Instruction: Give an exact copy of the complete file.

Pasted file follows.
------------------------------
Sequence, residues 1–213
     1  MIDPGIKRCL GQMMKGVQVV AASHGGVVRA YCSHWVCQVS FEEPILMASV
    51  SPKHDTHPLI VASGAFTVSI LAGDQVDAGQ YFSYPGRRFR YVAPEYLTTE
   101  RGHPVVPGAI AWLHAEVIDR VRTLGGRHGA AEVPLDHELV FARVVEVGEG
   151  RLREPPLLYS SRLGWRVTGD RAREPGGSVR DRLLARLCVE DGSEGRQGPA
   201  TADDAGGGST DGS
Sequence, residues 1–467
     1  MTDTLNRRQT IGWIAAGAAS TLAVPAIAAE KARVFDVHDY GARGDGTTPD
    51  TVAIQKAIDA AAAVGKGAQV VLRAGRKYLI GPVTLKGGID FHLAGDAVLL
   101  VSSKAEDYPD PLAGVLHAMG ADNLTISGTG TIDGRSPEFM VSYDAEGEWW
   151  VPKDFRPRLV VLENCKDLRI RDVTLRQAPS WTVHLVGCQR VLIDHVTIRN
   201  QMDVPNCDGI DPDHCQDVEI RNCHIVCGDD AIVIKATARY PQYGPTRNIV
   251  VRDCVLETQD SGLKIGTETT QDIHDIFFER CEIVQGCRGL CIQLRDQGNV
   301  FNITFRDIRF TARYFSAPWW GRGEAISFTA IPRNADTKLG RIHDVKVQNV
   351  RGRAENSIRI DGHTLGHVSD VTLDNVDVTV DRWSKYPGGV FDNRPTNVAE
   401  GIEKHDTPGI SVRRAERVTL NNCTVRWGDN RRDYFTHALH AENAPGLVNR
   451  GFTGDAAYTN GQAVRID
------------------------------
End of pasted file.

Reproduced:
Sequence, residues 1–213
     1  MIDPGIKRCL GQMMKGVQVV AASHGGVVRA YCSHWVCQVS FEEPILMASV
    51  SPKHDTHPLI VASGAFTVSI LAGDQVDAGQ YFSYPGRRFR YVAPEYLTTE
   101  RGHPVVPGAI AWLHAEVIDR VRTLGGRHGA AEVPLDHELV FARVVEVGEG
   151  RLREPPLLYS SRLGWRVTGD RAREPGGSVR DRLLARLCVE DGSEGRQGPA
   201  TADDAGGGST DGS
Sequence, residues 1–467
     1  MTDTLNRRQT IGWIAAGAAS TLAVPAIAAE KARVFDVHDY GARGDGTTPD
    51  TVAIQKAIDA AAAVGKGAQV VLRAGRKYLI GPVTLKGGID FHLAGDAVLL
   101  VSSKAEDYPD PLAGVLHAMG ADNLTISGTG TIDGRSPEFM VSYDAEGEWW
   151  VPKDFRPRLV VLENCKDLRI RDVTLRQAPS WTVHLVGCQR VLIDHVTIRN
   201  QMDVPNCDGI DPDHCQDVEI RNCHIVCGDD AIVIKATARY PQYGPTRNIV
   251  VRDCVLETQD SGLKIGTETT QDIHDIFFER CEIVQGCRGL CIQLRDQGNV
   301  FNITFRDIRF TARYFSAPWW GRGEAISFTA IPRNADTKLG RIHDVKVQNV
   351  RGRAENSIRI DGHTLGHVSD VTLDNVDVTV DRWSKYPGGV FDNRPTNVAE
   401  GIEKHDTPGI SVRRAERVTL NNCTVRWGDN RRDYFTHALH AENAPGLVNR
   451  GFTGDAAYTN GQAVRID